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BEAULY (Community Council)

Area council : Highland

Arms (crest) of Beauly

Official blazon

Vert, on a fess wavy Argent, two barrulets wavy Sable between in chief a stag's head erased Proper, gorged with a mural coronet Gules, masoned Argent, between a fraise and a crozier head Argent, and in base a cross flory Argent having at its centre point an inescutcheon Azure charged with a bend Argent.

Above the Shield is placed a Coronet appropriate to a statutory Community Council, videlicet:- a circlet richly chased from ' which are issuant four thistle leaves (one and two halves visible) and four pine cones (two visible) Or, and in an Escrol below the same this Motto "Beau Lieu".


The arms were granted on January 19, 1990.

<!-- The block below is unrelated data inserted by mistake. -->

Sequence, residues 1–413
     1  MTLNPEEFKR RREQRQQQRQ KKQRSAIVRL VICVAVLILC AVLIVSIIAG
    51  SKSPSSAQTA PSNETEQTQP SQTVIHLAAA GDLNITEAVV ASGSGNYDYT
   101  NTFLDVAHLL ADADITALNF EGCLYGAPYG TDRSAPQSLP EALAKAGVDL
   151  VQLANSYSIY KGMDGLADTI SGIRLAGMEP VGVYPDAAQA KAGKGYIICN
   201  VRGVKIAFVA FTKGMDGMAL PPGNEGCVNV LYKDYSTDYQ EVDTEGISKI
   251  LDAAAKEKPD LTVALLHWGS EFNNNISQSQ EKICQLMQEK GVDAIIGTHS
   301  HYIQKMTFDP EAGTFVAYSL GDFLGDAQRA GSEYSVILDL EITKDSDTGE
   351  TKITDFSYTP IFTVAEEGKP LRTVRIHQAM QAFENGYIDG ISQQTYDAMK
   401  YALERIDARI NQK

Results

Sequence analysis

The green field of the shield has been chosen to represent the agricultural and rural character of the Beauly area. The wavy fess is for the river Beauly; the two wavy barrulets recall that it is formed, near Erchless Castle, by the confluence of the rivers Farrar and Glass.

The cross flory in base is for Beauly Priory and its monks of the Valliscaulian Order; the shield in its centre bears the arms of John Biset of Lovat, who founded the Priory about 1230.

The fleurs-de-lys on the cross are a reminder that the Valliscaulians came from France and its silver tincture that they wore white habits and were known as "the White Monks".

In the chief the fraise and the stag's head come from the arms of the Lords Fraser of Lovat, a family long closely associated with the area; the crozier and a stag's head appear on a stone, above the west door of the Priory Church, which commemorates Robert Reid, Abbot of Kinloss, who became Commendator of Beauly Priory in 1531, was later Bishop of Orkney and Lord President of the Court of Session, and was one of the most famous Scotsmen of his day.

The red mural coronet shows that Beauly was a burgh of regality (erected 1704).

The French motto "Beau Lieu" has a very long association with the village; it also alludes to the fact that Beauly is set among some of the finest scenery in the Highlands.Literature:

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